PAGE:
Monday, March 19, 2012

Is Sarkozy to blame for racist deaths of children soldiers and a rabbi in France?

In today's Guardian Fiachra Gibbons has an excellent article which outlines the dangers of the lurch to the hard right by France's current government in their despertae bid to cling to power. He writes

Over the past few years of recession and regression, it has become a trite truism of European politics that you can't go wrong going to the right. Politicians across the continent have found a new magic formula for electoral success and survival by playing on fears of foreigners and particularly of Islam – the wink and a nod that says that immigration has been the root of our social and economic decline. This is by no means an exclusively rightwing vice. Anyone who has heard the Dutch Labour party recently will have difficulty putting light between them and the demagogue Geert Wilders.

Until today, they might have tried to argue that there was no harm in it, that it's healthy even, a rebalancing of the scales after two decades of biting our tongues and creeping political correctness.

The French airwaves have been full of such ugly equivocation these past few weeks as Nicolas Sarkozy has lurched his party wildly to the right in an attempt to save his skin, claiming there were "too many immigrants in France"and stoking Islamophobia with a ridiculous claim that the French were being secretly forced to eat halal; his prime minister François Fillon even said Jews and Muslims should put their dietary laws behind them and embrace modernity.

Are we in France now reaping the seeds sown by Sarkozy and his desperate henchmen in their bid to cling to power?

Gibbons continues
Claude Guéant, the interior minister who took personal control of the investigation, has been the most consistently xenophobic, championing the superiority of European Christian civilisation over lesser cultures who force their women to cover up – yes, observant Jews and Muslims, he meant you. The nadir came last week when Sarkozy's new immigration chief Arno Klarsfeld – the eldest son, ironically, of Nazi-hunter Serge Klarsfeld – called for a wall to be built between Greece and Turkey to save Europe from barbarian invaders.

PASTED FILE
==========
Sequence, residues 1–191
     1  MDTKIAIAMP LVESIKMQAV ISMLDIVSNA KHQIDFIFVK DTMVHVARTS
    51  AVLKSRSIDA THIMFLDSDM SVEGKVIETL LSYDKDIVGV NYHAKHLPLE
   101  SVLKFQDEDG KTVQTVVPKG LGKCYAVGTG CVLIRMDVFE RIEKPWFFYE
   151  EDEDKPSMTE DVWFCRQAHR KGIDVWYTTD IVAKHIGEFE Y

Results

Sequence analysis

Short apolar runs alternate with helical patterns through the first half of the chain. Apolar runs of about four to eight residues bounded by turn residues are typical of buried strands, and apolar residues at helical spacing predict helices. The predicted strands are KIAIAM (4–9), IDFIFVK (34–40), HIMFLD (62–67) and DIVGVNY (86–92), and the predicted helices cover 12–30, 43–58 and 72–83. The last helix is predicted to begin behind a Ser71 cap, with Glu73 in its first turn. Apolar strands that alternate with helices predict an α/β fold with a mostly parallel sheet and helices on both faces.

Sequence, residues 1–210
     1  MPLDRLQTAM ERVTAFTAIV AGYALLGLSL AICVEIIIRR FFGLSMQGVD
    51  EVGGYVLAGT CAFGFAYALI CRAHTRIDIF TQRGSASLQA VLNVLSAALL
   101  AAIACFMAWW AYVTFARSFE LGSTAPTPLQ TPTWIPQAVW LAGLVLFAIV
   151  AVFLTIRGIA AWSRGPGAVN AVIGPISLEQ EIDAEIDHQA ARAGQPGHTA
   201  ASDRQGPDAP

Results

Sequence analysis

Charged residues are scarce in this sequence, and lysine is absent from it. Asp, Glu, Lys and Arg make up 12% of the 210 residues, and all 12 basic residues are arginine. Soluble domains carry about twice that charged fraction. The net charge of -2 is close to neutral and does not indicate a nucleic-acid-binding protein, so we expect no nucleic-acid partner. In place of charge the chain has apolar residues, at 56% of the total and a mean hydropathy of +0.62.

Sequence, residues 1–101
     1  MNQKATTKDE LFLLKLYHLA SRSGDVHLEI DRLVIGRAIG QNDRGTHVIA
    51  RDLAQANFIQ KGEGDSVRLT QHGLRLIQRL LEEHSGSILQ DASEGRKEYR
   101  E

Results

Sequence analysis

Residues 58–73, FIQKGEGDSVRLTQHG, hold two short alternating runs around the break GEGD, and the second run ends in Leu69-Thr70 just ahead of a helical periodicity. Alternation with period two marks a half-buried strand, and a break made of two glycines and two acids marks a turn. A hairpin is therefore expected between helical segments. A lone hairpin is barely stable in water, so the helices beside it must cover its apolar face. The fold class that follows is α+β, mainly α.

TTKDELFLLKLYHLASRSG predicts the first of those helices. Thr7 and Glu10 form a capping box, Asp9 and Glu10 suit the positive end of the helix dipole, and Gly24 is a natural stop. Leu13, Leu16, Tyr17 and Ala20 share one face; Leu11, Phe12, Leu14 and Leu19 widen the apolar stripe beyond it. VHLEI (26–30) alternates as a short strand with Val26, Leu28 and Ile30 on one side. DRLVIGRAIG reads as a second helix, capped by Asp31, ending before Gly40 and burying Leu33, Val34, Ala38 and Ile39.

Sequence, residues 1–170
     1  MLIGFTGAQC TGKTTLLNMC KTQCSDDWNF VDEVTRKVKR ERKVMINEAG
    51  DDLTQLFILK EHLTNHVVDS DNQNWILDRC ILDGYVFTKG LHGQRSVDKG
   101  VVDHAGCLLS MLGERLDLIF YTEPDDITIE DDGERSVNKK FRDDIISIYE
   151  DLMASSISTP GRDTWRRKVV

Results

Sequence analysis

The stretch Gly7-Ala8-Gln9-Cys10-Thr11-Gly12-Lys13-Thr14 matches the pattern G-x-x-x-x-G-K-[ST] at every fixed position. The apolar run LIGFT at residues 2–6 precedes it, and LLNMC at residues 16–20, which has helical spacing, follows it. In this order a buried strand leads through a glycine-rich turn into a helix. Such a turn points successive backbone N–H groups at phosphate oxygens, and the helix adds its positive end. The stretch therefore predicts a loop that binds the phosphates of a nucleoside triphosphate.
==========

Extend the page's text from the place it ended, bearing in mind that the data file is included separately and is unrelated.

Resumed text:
Is it not a disgrace that a man who two weeks ago was attacking Jewish and Muslim religious practices regarding food is now the man France's Jewish and Muslim population must entrust the investigation of these hate crimes too? It is North Africa that many of Toulouse's Jewish inhabitant's families emigrated from. It was North Africa that gave France three of its serving paratroopers, gunned down in cold blood.

Fiachra Gibbons is the first journalist to articulate my feelings on this matter. As an Irishman with a French born child of mixed Irish and French parentage I find each attack on foreigners or outsiders by the President and his wolf pack an insult to me and my French citizen off-spring. It leaves me both angry and determined to resist such hate talk to the fullest of my abilities. My boy goes to creche with children of all races and religions, he does not fear his creche mates and I know he will never hate based on race. That is the good in France. The bad is its current leaders and the hate they preach.

If good is to come from these tragedies then it must be the unification of France's minorities Arab, Berber, Jews, Muslims and atheists, Irish, Belgian, Australian or whatever to join in their rejection at the ballot boxes in April and May of Le Pen and her National Front and most importantly of the now impossible President Sarkozy who preaches hate and fear.

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